The relationship between diet and disease is a critical one in public health. Many studies rely on elementary school children in upper-grade levels to self-report dietary intake. Results from our 2009 validation study showed that 4th-grade children's dietary recall accuracy was affected by retention interval (elapsed time between to-be-reported meals and the interview). Accuracy for the school-meal parts of 24-hour dietary recalls (24hDRs) was better for recalls about the prior 24 hours (the 24 hours immediately preceding the interview) than for recalls about the previous day (midnight to midnight of the day before the interview). However, even when the retention interval was shortest and accuracy was best, recalls had substantial errors: 40% of items observed eaten were omitted (not reported), and 25% of items reported eaten were intruded (not observed). More research is needed to improve children's dietary recall accuracy. Two prominent 24hDR protocols are the Nutrition Data System for Research (NDSR) and the Automated Multiple-Pass Method (AMPM);a new protocol is the Automated Self-Administered 24hDR (ASA24). Software for each of these protocols targets the previous day. Recall accuracy may also be influenced by prompts used to ask subjects for their initial recall of the target period's events. These prompts can be forward (most distant to most recent), reverse (most recent to most distant), open (free [no instructions]), or meal name (breakfast, lunch, etc). NDSR software uses forward prompts, AMPM software uses open prompts, and ASA24 software uses meal name prompts. Any 24hDR has a retention interval and prompts;thus, it is necessary to identify the combination of retention interval and prompts that maximizes recall accuracy, but empirical evidence is limited to a small pilot study. This 4-year project has 3 aims and data collection with 4th-grade children.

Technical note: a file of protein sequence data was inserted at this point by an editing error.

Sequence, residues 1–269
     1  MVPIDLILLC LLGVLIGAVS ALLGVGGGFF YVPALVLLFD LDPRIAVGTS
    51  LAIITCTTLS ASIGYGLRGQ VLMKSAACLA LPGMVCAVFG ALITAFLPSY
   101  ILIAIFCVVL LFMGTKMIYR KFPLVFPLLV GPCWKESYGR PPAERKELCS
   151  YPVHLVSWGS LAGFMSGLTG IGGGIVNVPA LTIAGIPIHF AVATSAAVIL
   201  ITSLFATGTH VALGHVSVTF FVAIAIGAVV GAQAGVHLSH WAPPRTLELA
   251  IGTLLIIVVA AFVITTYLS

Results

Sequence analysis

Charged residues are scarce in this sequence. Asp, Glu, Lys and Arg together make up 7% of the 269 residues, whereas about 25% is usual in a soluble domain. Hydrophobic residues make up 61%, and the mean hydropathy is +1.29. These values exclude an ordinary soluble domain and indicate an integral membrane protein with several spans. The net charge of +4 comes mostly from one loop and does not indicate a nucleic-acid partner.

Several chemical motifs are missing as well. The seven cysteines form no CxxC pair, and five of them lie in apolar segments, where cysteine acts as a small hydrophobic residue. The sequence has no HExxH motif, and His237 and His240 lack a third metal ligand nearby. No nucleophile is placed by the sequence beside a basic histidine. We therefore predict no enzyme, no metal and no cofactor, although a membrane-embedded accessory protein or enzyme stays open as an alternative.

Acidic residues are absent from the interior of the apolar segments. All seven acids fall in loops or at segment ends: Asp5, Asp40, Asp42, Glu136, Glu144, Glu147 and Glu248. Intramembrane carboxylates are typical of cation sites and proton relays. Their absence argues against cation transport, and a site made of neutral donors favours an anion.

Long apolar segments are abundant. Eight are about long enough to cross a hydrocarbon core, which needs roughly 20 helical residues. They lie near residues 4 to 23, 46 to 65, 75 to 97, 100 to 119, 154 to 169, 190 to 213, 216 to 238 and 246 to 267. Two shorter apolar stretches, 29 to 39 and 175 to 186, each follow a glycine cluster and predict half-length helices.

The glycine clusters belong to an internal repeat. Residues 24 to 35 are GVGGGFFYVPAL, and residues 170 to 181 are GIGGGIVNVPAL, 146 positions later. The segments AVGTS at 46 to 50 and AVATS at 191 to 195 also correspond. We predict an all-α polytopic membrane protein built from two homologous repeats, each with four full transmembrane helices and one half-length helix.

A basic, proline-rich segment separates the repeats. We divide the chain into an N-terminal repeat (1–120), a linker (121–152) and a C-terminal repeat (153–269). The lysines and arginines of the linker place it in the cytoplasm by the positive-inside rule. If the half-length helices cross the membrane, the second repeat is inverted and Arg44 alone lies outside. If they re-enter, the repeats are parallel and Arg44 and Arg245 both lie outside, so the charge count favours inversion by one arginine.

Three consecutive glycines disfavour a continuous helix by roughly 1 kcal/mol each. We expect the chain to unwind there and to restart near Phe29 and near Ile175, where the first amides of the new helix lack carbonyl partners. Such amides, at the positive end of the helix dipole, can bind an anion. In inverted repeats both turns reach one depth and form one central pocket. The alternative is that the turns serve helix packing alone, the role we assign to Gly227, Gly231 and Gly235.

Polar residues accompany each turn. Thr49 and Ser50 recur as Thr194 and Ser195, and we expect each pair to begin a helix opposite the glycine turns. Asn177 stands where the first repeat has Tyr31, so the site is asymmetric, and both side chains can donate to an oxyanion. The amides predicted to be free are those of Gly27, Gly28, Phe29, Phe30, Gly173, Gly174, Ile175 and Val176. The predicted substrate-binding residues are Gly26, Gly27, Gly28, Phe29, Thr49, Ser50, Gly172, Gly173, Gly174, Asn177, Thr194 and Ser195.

Aim 1 is to compare dietary recall accuracy for 8 conditions defined by crossing 2 retention intervals (prior-24-hour recall obtained in the afternoon;previous-day recall obtained in the morning) with 4 prompts (forward;reverse;open;meal). Each of 480 children will be observed eating school breakfast and school lunch, and then interviewed to obtain a 24hDR using 1 of the 8 conditions, with 60 children (30 per sex) per condition. Each child's reported data for the school-meal parts of the 24hDR will be compared to observed data for the 2 school meals, and the child's accuracy will be assessed for food items, amounts, energy, and macronutrients.
Aim 2 is to assess relationships of social desirability, body mass index, socioeconomic status, and achievement test scores with dietary recall accuracy of 480 children in Aim 1.
Aim 3 is to conduct 1-month test-retest reliability (in Year 1) for a 14-item social desirability scale via classroom administration to approximately 210 children. This R01 project will compare crucial yet untested aspects of 24hDR protocols and provide empirical evidence for refining software to obtain more accurate 24hDRs from children for epidemiologic studies, interventions, and clinical practice, and thereby improve our understanding of relationships between diet and disease.
The relationship between diet and disease is a critical one in public health, but dietary assessment is challenging, especially among school children. Misreporting in dietary surveys is a widely recognized problem that threatens our ability to pinpoint true relationships between diet and disease. This project will provide empirical evidence for refining software to obtain more accurate 24-hour dietary recalls from children for national surveys, epidemiologic studies, interventions, and clinical practice, and thereby improve our understanding of relationships between diet and disease.
|Miller, Patricia H; Baxter, Suzanne D; Hitchcock, David B et al. (2014) Test-retest reliability of a short form of the children's social desirability scale for nutrition and health-related research. J Nutr Educ Behav 46:423-8|